Always wash and dry before putting them into service. NEVER USE BLEACH OR FABRIC SOFTENER. Wash towels with one cup of white vinegar and 1 cup of detergent. This will help release lint, "break the towels in", and keep them fresh. YOU MUST MACHINE DRY ALL TOWELS before their first use! Nothing will bang more lint out of the towel than a few good spin cycles in the dryer. Remember to clean the lint trap before and after ???' drying cycle. It is also useful to soak in a cup of ammonia and several gallons of water. This will dissolve any oils or treatments in the fabric that inhibit absorbency. Another good wash formula is to fill the washer, add 1 cup of ammonia and soak them overnight. The next day wash the towels with 1 cup of detergent and distilled vinegar and dry them. It is important to use warm water and avoid bleach. Keep in mind that colored towels, because of the chemical penetration into the fiber, are less absorbent than white towels.
Be lint free! While lint may not sound like a big deal, consider that if you dry the car and it is covered with lint, you have just defeated the purpose of washing the car in the first place. Lint generally occurs in new, just being broken-in and deteriorating towels. While all towels made from cotton will have some lint, there are a few ways to reduce lint.
Wash towels in one of the formulas as stated above. Once the wash is completed, dry the towel completely. Repeat dryer several times as this beats the lint out. Avoid bleach because it breaks down the cotton fiber. Avoid washing old towels with new because the ~ lint may transfer. If you have hard water, consider a water softener because high levels of acid and other minerals may deteriorate towels.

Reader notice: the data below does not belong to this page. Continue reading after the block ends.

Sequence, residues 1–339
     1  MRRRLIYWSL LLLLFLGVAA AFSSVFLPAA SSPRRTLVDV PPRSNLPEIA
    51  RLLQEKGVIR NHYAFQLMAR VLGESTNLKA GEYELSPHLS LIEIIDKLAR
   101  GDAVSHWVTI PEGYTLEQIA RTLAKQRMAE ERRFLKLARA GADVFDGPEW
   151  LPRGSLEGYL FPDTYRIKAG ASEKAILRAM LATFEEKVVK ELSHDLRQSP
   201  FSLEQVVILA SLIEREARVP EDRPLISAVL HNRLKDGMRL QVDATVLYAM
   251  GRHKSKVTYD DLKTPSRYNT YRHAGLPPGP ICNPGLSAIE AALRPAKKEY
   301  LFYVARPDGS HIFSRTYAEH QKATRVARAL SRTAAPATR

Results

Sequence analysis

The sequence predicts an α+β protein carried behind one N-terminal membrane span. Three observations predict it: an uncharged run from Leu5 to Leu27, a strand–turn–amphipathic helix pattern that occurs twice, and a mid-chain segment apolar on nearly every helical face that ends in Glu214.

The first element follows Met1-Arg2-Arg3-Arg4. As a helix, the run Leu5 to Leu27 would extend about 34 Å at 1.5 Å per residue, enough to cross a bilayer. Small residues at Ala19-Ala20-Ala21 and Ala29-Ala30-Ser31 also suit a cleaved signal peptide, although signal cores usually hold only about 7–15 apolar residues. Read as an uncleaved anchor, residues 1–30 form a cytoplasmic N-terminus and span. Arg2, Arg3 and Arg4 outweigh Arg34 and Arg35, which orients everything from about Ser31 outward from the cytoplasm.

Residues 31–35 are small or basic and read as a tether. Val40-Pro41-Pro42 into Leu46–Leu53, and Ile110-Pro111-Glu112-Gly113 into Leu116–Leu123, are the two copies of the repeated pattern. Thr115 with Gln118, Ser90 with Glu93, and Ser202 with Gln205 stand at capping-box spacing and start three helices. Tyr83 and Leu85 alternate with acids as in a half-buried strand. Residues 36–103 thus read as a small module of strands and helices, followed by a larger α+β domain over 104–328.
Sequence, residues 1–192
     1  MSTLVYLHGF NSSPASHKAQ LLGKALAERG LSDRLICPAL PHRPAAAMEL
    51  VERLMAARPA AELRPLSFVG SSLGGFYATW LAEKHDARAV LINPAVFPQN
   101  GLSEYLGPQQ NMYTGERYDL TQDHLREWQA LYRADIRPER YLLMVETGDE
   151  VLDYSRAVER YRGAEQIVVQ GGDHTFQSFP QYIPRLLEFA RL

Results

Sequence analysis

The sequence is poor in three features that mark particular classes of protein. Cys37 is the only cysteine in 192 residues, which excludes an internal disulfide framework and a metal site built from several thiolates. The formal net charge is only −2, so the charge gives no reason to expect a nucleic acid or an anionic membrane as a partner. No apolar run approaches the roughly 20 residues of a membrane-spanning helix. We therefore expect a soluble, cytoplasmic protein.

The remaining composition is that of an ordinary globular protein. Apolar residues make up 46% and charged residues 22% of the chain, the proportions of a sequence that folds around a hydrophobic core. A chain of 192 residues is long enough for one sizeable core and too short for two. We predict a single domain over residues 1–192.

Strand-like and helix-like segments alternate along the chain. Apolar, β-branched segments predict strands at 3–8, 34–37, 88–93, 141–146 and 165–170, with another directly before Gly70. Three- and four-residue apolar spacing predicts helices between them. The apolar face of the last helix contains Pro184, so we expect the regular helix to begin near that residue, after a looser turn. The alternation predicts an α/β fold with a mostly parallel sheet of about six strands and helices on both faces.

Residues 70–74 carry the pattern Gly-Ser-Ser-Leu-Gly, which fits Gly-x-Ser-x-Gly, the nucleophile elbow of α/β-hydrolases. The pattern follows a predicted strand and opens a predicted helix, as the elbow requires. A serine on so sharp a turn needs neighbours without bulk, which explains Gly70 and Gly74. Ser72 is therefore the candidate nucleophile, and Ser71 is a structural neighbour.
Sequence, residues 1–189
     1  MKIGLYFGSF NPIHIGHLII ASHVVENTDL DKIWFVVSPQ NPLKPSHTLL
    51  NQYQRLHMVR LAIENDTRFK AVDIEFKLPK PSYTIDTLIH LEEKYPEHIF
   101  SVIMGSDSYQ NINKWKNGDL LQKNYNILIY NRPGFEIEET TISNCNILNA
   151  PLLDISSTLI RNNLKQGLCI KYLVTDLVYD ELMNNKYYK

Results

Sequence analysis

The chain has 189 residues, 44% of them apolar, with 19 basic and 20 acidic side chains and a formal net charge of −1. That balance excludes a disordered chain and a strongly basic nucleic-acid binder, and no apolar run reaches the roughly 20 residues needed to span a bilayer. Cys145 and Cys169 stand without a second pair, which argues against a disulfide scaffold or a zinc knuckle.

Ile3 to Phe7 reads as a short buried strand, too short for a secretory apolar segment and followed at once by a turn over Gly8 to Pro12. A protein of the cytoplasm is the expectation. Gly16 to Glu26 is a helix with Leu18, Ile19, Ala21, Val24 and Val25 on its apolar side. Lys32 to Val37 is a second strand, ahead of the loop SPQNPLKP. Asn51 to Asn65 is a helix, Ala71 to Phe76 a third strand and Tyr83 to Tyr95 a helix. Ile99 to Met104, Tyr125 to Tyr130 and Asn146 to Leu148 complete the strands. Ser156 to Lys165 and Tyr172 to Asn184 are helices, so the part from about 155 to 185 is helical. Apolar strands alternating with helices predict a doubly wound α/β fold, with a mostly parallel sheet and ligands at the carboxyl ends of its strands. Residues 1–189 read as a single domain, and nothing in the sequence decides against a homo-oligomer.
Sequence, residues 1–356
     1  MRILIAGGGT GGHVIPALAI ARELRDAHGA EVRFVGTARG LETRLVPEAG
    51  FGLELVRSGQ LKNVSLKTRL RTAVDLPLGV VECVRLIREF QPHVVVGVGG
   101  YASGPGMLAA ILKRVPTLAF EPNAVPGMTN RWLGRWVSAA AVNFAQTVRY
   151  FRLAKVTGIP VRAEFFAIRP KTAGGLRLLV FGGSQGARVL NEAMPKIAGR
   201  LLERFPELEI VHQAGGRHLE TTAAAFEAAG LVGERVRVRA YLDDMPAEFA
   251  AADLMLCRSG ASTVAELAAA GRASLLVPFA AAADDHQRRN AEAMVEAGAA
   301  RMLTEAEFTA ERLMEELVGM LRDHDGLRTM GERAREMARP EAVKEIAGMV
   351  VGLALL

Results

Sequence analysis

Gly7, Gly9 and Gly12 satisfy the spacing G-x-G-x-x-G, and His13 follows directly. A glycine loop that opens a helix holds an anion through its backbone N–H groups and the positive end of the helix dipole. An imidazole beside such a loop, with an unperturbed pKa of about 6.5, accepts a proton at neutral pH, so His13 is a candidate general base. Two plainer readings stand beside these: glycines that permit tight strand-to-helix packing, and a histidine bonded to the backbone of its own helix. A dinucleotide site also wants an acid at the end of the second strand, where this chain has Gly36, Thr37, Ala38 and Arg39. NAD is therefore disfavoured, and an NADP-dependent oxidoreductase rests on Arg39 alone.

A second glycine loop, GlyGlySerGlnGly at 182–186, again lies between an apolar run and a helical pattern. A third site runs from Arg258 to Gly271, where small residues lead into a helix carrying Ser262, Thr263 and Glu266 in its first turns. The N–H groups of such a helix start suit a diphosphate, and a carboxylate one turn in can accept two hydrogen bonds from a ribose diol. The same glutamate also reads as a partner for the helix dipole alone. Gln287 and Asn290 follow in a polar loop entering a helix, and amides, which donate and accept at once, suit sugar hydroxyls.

Here's the secret tip of the day? Add 1 cup of white distilled vinegar (not the cider type) to the first two washes then a cup once a week or so. The vinegar helps remove the musty smell damp towels are known to have.
One way to extend the life of your towels is to separate or "code" them by color, size or style. Additionally, different towels should be used for different parts of the car. One reason is to avoid residual chemical reactions. For example the combination of chemicals in soaps, waxes and detergents do not mix well with window cleaning solutions. To help break down wax build-up on towels, once every couple of weeks, let them sit in water with 1 cup ammonia. This will break down the wax and grease. Then wash with ammonia and detergent. How long your towels last depends on climate and how well you care for them.
Is a larger towel better than a smaller towel?
The answer to this question is based mainly on personal preference. A typical size for a hand towel is 16?x28. The size of a towel for the body can vary, but many prefer 24"x24" because it can be folded over four times and used again.
|PROS||Fast break-in period|
|Can be used for windows|
|Won't be heavy when saturated|
|CONS||Shorter life span (deterioration)|
|PROS||More absorbent once broken in|
|Good body towels|
|Longer life span|
|More drying power per towel|
|CONS||Heavy when saturated must change towels frequently more costly (but last longer)|
© 2000 Paul Gasparola and Angela Brown (Member Profession Concourse Detailers Association)